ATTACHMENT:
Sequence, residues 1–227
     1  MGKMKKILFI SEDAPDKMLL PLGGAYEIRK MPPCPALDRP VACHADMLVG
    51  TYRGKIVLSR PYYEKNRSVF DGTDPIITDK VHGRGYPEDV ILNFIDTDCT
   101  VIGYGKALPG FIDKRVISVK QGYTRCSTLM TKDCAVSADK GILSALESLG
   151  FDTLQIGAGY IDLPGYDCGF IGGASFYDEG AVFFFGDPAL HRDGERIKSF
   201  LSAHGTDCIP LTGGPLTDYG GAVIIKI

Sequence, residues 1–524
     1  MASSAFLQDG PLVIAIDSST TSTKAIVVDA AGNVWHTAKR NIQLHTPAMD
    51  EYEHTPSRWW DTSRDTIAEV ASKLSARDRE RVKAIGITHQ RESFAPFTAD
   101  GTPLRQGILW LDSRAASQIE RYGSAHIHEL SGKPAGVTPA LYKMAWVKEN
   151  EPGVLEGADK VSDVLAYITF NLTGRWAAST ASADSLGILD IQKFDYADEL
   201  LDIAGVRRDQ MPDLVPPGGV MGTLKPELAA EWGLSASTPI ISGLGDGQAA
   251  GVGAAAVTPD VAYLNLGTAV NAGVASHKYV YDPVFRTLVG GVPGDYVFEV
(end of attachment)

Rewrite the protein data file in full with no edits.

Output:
Sequence, residues 1–227
     1  MGKMKKILFI SEDAPDKMLL PLGGAYEIRK MPPCPALDRP VACHADMLVG
    51  TYRGKIVLSR PYYEKNRSVF DGTDPIITDK VHGRGYPEDV ILNFIDTDCT
   101  VIGYGKALPG FIDKRVISVK QGYTRCSTLM TKDCAVSADK GILSALESLG
   151  FDTLQIGAGY IDLPGYDCGF IGGASFYDEG AVFFFGDPAL HRDGERIKSF
   201  LSAHGTDCIP LTGGPLTDYG GAVIIKI

Sequence, residues 1–524
     1  MASSAFLQDG PLVIAIDSST TSTKAIVVDA AGNVWHTAKR NIQLHTPAMD
    51  EYEHTPSRWW DTSRDTIAEV ASKLSARDRE RVKAIGITHQ RESFAPFTAD
   101  GTPLRQGILW LDSRAASQIE RYGSAHIHEL SGKPAGVTPA LYKMAWVKEN
   151  EPGVLEGADK VSDVLAYITF NLTGRWAAST ASADSLGILD IQKFDYADEL
   201  LDIAGVRRDQ MPDLVPPGGV MGTLKPELAA EWGLSASTPI ISGLGDGQAA
   251  GVGAAAVTPD VAYLNLGTAV NAGVASHKYV YDPVFRTLVG GVPGDYVFEV